by Matt Adamczyk

Michael Shipler and Rajendra Mulmi from Search for a Common Ground picked up right where they left off this morning, and like all day Thursday, did not disappoint. Drawing on their years of vast experience, they continued training us on facilitating skills. The morning was spent providing us with various analytical and practical ‘facilitating and problem solving tools’ like the ORID method and Thomas- Kilmann Conflict Mode Instrument (TKI). Sprinkled throughout the lessons were stories of their real world experience that kept all of us keenly engaged. While the lessons from the morning will undoubtedly help each of us in our future endeavors, more immediately, they helped during our afternoon simulation.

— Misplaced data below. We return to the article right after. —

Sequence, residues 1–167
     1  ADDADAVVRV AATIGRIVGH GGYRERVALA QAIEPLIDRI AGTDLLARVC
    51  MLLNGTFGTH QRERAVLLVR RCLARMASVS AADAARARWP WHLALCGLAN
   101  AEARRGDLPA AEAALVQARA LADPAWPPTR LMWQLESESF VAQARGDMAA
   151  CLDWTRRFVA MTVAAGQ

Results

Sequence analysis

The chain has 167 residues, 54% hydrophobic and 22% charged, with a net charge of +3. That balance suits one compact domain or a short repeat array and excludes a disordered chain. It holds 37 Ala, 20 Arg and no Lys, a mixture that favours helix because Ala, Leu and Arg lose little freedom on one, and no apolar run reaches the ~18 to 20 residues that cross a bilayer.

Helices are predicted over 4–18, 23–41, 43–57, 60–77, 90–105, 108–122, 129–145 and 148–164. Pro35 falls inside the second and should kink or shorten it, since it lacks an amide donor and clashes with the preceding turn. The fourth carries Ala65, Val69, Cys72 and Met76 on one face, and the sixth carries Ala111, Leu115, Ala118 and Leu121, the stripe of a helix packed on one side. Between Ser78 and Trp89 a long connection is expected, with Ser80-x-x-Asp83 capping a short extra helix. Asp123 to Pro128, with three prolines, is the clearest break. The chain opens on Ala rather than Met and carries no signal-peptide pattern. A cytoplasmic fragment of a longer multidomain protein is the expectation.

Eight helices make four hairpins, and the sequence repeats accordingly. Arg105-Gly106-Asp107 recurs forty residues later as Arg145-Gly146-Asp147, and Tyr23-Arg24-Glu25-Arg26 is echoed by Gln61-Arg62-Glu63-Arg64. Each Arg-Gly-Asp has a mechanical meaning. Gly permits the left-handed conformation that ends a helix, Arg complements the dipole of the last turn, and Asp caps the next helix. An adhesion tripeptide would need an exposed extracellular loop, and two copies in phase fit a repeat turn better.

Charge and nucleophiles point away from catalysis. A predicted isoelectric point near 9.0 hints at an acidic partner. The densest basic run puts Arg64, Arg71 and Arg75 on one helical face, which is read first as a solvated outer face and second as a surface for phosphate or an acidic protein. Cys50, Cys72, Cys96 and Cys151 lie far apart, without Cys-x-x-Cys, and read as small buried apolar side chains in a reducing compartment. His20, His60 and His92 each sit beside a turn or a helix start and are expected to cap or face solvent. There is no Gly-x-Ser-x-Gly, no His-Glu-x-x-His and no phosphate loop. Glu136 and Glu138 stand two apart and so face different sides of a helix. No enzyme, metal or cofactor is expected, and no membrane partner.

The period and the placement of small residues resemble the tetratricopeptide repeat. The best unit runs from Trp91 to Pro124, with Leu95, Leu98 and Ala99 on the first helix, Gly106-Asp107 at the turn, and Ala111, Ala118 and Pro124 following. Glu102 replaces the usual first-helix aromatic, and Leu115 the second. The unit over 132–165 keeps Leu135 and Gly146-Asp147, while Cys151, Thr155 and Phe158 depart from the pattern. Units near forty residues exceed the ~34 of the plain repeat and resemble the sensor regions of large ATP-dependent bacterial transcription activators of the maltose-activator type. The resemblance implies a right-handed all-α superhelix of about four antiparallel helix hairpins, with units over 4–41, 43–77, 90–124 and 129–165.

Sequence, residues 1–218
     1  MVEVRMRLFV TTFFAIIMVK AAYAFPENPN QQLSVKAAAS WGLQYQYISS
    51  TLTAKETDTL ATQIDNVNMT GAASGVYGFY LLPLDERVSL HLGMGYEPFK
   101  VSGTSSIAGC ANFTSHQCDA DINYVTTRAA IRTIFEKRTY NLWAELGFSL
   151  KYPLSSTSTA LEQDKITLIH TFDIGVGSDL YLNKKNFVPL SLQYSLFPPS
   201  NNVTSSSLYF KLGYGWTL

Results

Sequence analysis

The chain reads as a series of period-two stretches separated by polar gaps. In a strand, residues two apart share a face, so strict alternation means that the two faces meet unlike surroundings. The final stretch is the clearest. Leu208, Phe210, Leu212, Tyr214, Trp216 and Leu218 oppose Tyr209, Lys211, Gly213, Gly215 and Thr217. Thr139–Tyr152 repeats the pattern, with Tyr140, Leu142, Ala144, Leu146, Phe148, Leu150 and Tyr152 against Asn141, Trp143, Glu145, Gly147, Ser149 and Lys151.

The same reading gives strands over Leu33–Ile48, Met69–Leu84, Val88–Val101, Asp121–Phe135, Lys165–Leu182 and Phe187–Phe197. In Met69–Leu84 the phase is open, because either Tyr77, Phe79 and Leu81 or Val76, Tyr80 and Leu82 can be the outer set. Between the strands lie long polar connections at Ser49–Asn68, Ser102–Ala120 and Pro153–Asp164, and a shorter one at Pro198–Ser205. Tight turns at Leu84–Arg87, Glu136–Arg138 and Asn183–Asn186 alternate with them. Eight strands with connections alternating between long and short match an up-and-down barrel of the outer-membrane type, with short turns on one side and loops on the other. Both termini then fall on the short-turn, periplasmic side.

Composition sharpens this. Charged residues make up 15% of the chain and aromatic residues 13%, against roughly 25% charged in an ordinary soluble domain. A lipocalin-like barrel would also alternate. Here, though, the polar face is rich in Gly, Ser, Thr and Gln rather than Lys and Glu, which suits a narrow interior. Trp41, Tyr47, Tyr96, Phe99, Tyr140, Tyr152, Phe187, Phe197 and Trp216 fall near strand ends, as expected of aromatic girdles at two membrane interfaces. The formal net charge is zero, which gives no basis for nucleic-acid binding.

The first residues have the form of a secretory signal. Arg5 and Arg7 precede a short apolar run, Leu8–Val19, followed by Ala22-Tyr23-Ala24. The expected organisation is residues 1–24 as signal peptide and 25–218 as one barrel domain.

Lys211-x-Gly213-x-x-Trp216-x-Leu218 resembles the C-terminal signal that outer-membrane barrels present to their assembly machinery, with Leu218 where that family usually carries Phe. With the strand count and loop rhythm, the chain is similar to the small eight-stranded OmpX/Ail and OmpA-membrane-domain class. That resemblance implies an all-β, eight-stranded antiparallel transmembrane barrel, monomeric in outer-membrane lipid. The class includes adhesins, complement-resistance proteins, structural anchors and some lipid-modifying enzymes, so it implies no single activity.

After lunch, we broke into five separate teams to practice. Using a real world conflict from Bo, Sierra-Leone the groups were tasked with designing and presenting a proposal to resolve the conflict. During the simulation, “lights really came on,” and the usefulness of our lessons was clearly evident. All of the final team presentations to the mock board of potential donors were great; however, Team G-9 (aptly named because 9 different countries were represented) unofficially won the grant (note: the bias of the author as a member of Team G9). The feedback from the board members was invaluable and helped bring together and tie up our first incredible week before participants spread out to explore and enjoy the staggering beauty, friendly people, and great food of northern Italy.